Battle of Nahrawan

Battle of Nahrawan ... 20/07/658 History, #Abu_Musa, #Allah, #Arabia, #Arabic, #Baghdad, #Battle_of_Nahrawan, #Battle_of_Siffin, #Ibn, #Iraq, #January, #Khawarij, #Kufa, #Musa, #Muslim, #Nahrawan, #Persia, #Quran, #Syria, #Syrian, #Tigris, #Umayyad

The Battle of Nahrawan (Arabic: معركة النهروان‎, romanized: Ma'rakat an-Nahrawān) was fought between the army of caliph Ali and the rebel group called Kharijites in July 658 CE. Kharijites were a group of pious allies of Ali during the First Muslim Civil War. They separated from him following the Battle of Siffin when Ali agreed to settle the dispute with Mu'awiya, governor of Syria, through negotiations, a move labelled by the group as against Qur'an. After failed attempts to regain their loyalty and because of their rebellious and murderous activities, Ali confronted the Kharijites near their headquarters by Nahrawan canal, near modern-day Baghdad. Of the 4000 rebels, some 1200 were won over with promise of amnesty while majority of the remaining 2800 were killed in the ensuing battle.
Sects of Kharijites

* * * The battle resulted in permanent break between the group and the rest of Muslims, whom Kharijites branded as apostates. Although defeated, they continued to threaten and harass cities and towns for years to come. Ali himself was assassinated by one of the Kharijites in January 661.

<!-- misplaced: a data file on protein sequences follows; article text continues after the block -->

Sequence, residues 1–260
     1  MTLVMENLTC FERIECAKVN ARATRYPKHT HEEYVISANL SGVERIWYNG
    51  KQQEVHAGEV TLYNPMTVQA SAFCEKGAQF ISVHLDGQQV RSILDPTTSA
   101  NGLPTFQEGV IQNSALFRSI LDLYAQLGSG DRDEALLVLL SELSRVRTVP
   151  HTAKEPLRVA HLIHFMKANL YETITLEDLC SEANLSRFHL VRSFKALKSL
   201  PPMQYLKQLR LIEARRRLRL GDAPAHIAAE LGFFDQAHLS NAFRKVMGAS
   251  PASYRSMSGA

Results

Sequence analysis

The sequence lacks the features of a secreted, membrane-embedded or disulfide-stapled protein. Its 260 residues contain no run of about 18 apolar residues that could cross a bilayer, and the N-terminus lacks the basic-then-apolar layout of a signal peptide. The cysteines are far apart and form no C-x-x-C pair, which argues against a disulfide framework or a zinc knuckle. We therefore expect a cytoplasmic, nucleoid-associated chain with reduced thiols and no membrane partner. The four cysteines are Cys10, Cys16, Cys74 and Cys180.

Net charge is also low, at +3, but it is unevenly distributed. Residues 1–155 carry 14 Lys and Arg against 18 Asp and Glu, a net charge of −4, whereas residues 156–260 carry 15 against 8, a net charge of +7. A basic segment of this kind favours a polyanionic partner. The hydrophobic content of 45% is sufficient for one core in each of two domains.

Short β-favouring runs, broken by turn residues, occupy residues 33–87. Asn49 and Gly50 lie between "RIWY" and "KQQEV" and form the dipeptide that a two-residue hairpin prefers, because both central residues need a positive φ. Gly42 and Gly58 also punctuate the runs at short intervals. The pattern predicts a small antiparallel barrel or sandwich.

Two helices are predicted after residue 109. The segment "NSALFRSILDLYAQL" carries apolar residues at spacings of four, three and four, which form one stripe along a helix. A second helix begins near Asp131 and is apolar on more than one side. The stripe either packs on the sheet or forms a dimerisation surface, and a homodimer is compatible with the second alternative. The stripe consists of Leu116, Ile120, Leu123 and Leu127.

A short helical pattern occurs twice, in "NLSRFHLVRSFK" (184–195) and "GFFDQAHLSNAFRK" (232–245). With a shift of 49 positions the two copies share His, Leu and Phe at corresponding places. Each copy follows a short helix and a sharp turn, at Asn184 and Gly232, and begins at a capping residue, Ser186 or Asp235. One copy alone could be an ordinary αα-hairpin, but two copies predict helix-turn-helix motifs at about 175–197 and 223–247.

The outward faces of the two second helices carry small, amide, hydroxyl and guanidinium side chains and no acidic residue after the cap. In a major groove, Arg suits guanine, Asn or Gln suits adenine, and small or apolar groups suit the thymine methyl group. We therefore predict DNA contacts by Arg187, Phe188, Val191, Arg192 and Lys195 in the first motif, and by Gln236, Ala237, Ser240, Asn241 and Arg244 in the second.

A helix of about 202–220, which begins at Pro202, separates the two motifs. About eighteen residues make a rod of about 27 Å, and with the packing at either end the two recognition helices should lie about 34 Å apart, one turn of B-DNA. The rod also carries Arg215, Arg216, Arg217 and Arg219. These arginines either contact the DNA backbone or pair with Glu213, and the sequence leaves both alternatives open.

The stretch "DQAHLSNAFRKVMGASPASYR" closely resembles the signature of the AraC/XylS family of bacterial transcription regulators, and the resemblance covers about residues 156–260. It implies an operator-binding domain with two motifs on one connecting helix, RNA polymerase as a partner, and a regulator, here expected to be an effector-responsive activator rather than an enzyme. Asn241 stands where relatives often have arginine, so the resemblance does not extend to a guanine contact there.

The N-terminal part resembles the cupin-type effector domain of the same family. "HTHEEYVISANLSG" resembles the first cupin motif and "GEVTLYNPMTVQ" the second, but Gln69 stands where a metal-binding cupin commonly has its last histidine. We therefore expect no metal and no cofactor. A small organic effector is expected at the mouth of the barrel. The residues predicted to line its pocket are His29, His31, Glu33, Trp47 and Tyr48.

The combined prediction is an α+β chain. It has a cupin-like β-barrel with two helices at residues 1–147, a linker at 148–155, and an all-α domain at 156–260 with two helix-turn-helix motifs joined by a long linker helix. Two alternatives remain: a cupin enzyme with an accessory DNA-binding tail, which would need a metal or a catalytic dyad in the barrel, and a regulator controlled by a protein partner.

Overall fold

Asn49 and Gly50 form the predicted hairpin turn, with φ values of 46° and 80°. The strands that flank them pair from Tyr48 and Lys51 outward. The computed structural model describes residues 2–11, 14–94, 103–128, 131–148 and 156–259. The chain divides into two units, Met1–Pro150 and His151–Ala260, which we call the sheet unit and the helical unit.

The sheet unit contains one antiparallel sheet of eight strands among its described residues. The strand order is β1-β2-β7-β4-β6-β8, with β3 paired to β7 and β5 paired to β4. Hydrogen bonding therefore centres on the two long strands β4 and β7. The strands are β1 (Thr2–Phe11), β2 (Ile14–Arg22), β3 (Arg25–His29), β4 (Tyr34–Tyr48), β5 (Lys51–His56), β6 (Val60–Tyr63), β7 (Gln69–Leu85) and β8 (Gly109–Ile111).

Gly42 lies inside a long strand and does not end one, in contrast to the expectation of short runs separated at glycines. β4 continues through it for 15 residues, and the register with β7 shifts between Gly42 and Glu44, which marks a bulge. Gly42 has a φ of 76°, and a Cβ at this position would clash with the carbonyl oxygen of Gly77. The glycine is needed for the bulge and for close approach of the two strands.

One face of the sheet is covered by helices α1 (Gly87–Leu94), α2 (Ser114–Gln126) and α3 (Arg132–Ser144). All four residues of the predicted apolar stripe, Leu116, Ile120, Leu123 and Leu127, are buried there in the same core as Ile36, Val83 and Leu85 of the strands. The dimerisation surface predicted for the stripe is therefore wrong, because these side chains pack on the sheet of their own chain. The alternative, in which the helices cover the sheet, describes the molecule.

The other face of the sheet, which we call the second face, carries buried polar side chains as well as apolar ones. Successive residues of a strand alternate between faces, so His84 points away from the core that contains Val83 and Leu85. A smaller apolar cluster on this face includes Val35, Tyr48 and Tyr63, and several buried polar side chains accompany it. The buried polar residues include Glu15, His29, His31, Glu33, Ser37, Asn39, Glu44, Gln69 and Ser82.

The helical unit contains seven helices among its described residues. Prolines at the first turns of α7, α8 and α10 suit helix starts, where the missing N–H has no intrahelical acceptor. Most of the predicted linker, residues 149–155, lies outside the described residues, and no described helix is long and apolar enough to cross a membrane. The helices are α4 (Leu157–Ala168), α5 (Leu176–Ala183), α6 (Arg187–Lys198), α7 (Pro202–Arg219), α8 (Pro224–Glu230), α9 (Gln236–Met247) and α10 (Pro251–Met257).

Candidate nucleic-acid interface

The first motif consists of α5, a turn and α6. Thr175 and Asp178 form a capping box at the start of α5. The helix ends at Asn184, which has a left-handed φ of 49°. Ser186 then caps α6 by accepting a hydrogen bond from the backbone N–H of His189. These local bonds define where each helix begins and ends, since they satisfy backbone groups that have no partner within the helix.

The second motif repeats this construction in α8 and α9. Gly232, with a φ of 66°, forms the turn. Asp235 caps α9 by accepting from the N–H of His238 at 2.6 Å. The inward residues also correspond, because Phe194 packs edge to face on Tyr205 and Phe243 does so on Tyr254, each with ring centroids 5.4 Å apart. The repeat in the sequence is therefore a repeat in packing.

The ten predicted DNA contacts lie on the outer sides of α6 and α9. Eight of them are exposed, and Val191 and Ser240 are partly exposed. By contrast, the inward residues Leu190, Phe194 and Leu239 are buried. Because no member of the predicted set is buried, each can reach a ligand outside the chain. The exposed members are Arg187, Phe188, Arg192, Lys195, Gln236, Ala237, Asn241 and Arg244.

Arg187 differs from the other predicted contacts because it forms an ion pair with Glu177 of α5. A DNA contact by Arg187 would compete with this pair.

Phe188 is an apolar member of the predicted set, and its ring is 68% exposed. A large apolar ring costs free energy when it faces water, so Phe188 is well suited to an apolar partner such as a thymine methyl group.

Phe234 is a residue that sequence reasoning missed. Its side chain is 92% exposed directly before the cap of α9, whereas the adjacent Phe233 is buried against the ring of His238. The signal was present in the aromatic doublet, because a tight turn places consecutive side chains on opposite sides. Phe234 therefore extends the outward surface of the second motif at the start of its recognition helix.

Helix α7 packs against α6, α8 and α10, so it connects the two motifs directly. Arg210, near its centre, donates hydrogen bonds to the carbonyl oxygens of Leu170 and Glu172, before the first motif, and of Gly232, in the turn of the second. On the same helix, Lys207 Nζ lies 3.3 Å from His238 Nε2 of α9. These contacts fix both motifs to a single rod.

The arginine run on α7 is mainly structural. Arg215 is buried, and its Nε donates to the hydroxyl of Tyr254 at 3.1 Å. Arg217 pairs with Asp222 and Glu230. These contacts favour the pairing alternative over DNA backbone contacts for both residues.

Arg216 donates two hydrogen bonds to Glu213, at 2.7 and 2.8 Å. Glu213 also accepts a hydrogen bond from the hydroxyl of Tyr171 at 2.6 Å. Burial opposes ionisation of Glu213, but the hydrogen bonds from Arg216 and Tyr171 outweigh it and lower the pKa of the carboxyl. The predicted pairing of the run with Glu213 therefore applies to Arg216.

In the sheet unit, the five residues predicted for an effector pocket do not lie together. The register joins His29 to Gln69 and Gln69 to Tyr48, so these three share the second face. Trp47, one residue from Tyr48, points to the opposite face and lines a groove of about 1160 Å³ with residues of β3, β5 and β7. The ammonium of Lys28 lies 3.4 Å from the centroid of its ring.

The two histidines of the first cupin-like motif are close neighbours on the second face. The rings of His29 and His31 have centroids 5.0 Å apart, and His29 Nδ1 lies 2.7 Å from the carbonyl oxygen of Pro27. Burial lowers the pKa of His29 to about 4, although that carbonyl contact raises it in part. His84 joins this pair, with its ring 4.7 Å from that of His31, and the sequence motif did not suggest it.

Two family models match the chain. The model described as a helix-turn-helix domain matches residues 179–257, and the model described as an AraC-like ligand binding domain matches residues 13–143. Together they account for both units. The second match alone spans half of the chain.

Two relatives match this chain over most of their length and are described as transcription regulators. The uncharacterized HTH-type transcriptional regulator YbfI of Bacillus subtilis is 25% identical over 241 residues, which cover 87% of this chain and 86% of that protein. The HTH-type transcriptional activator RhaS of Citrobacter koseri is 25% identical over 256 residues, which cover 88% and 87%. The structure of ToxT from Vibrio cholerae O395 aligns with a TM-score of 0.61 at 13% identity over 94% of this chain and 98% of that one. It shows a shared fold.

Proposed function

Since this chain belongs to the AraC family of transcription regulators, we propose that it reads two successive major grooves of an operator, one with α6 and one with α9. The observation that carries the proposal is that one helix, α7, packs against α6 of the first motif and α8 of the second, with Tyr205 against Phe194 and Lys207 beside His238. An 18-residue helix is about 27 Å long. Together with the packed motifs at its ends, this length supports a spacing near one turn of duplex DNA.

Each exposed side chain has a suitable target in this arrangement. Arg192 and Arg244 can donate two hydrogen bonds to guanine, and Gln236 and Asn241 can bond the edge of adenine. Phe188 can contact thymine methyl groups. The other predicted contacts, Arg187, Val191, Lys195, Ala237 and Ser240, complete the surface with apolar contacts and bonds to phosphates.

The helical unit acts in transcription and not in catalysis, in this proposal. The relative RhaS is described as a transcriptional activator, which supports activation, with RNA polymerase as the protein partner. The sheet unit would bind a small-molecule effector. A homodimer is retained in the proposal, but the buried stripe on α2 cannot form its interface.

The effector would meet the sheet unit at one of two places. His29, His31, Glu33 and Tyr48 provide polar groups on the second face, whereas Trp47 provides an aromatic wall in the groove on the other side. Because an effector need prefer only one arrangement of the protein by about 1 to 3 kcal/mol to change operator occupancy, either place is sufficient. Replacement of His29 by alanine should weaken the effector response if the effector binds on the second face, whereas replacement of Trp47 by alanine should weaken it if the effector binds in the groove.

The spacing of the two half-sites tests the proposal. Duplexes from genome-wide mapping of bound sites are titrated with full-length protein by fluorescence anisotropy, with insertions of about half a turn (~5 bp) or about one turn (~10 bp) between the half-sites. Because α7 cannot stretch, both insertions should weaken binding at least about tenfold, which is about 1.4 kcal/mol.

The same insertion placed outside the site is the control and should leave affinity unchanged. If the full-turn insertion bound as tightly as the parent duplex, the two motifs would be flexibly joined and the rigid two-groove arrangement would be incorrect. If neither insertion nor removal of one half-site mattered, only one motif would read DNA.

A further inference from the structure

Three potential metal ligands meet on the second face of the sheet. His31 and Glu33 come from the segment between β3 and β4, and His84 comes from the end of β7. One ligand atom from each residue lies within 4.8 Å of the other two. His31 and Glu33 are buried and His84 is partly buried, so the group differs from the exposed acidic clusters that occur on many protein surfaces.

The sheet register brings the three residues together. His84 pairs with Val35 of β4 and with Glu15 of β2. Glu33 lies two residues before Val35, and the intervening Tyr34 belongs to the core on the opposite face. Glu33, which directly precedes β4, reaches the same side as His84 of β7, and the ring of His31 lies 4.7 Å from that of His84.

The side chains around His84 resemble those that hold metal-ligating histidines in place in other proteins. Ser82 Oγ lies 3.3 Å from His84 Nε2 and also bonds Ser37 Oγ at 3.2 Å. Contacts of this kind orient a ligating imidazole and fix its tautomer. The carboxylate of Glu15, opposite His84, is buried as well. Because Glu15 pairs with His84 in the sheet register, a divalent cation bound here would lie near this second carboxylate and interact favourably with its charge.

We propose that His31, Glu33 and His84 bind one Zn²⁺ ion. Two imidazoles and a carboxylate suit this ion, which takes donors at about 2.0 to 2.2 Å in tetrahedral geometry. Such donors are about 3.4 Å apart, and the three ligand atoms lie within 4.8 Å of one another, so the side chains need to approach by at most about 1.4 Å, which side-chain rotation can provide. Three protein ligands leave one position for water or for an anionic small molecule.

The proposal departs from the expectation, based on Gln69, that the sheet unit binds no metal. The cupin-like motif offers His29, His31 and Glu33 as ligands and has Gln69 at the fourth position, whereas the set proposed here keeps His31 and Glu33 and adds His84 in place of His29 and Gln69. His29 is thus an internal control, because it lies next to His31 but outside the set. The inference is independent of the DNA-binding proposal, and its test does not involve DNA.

The controversial policies of the third caliph Uthman resulted in a rebellion and he was assassinated in 656. Ali, the son-in-law and cousin of Muhammad, was subsequently elected caliph by the Medinese people. His election was challenged by some of Muhammad's companions including Talha ibn Ubayd Allah and Zubayr ibn al-Awam, and Muhammad's widow A'isha. Mu'awiya, the governor of Syria and Uthman's relative, also denounced Ali's election and demanded retribution against Uthman's killers. Although Ali defeated the rebellion of Talha and Zubayr in the Battle of the Camel in 656, his war against Mu'awiya resulted in stalemate at Siffin (July 657) when Mu'awiya called for peace. Although Ali was unwilling to halt the battle, his army refused to fight and he was forced to give in. An arbitration committee was setup with representatives from both Ali and Mu'awiya's side with a mandate to settle the dispute in the light of the Quran. As Ali marched back to Kufa, his capital, schisms appeared in his army. A group of his soldiers criticized the arbitration and accused Ali of blasphemy for he had left the matter to the discretion of two men and not acted according to the Book of God. Most of them had earlier forced Ali to accept the arbitration. Now they exclaimed that right to judgement belongs to God alone. Twelve thousand of them separated from the army and settled at a place called Harura. They became known as Harurites.